Blaming Google for San Francisco's housing shortage is absurd

Google's corporate mantra may be to do no evil, but to a determined band of activists in San Francisco the company could just be the devil incarnate.

Corporate buses that Google and other tech companies lay on to ferry their workers from the city to Silicon Valley, 30 or 40 miles to the south, are being targeted by an increasingly assertive guerrilla campaign of disruption. Over the last two months, a groundswell of discontent over the privatisation of the Bay Area's transport system has erupted into open revolt.

Well organised protesters have blocked buses, unfurled banners and distributed flyers to tech commuters who have seemed either nonplussed, embarrassed or downright terrified. And this could be just the beginning.

"We're in the planning process for the next protest," one of the organisers, Erin McElroy, told the Observer. "We're trying to stay creative with each one, not just repeat over and over."

Just before Christmas, a window was smashed on a Google bus in Oakland, across the San Francisco Bay. Last week, protesters doorstepped a Google engineer who they claimed was involved in working with the government to develop eavesdropping techniques and "war robots" for the military. "Anthony Levandowski is building an unconscionable world of surveillance, control and automation," they wrote on flyers left near his house. "He is also your neighbour."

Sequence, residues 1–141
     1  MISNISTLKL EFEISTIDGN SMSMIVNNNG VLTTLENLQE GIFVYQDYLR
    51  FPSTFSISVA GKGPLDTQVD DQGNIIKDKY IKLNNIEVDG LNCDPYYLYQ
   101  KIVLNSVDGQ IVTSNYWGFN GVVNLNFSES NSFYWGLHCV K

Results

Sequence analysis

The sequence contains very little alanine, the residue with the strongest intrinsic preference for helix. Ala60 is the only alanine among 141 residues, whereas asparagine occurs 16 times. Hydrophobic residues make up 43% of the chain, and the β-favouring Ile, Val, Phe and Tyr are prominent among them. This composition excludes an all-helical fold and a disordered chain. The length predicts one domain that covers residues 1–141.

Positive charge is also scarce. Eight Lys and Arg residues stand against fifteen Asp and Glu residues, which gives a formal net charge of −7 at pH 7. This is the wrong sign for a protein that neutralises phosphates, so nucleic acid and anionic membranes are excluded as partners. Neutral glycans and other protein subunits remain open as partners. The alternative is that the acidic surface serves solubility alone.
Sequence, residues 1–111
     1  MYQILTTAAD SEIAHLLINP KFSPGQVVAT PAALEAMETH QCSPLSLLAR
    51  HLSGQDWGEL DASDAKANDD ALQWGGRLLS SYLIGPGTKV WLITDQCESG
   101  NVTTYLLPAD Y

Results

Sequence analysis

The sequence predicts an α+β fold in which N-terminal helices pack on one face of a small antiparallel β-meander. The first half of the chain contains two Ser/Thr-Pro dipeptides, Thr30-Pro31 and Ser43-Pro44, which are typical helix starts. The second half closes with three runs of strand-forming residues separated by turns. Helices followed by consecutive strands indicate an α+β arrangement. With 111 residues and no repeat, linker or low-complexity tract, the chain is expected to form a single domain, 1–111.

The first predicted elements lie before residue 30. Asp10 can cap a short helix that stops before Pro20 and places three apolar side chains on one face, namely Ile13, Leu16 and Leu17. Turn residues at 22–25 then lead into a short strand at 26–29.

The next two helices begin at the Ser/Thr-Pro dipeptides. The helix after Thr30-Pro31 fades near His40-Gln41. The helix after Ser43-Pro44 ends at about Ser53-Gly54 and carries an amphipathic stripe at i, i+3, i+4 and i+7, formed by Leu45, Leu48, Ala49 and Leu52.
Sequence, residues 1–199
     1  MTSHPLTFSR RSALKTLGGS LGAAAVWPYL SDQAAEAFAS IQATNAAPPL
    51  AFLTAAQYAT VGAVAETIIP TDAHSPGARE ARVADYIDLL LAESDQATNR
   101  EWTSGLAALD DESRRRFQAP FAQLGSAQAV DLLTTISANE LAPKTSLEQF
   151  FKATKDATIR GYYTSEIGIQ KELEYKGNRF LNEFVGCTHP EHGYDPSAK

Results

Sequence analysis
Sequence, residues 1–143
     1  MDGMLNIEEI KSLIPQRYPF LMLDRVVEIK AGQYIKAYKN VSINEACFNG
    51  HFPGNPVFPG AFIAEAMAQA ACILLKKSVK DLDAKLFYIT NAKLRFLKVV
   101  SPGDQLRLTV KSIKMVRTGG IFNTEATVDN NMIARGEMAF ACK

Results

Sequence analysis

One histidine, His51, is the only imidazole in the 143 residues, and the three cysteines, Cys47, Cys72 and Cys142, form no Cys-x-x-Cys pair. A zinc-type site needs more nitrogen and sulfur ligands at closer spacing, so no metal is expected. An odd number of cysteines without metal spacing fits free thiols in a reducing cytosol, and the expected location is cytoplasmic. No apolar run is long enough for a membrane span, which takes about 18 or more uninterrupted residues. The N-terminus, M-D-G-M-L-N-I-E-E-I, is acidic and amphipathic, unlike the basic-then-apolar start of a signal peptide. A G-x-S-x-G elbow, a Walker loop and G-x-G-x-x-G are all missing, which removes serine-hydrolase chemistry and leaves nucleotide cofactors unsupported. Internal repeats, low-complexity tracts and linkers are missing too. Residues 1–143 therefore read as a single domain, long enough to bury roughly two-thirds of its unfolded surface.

Corporate security guards have started to make a discreet appearance as the protests escalate. The core grievance is one keenly felt by almost everyone in San Francisco: the way the tech sector has pushed up housing prices in the city and made it all but unaffordable for anyone without a six-figure salary. Almost no San Francisco police officers live in the city any more, and neither do most restaurant workers or healthcare workers. The funky, family-owned shops that once defined the city are closing because owners cannot afford the business rent, never mind the rent on their housing.
If the city and state would lift their onerous building restrictions there would be more than adequate reasonably priced homes in the area.  Just look at Houston which is a much larger city and some of the most reasonably priced homes in the country.  This is what happens when you have no zoning laws which allows neighborhoods to turnover and open space is bought and developed for homes at a rapid pace.

The problem is not Google employees driving up prices, it is restrictive housing policies which artificial shrinks the supply of housing and that causes prices to rise.  San Francisco is like the city that thinks it can repeal the laws of supply and demand.


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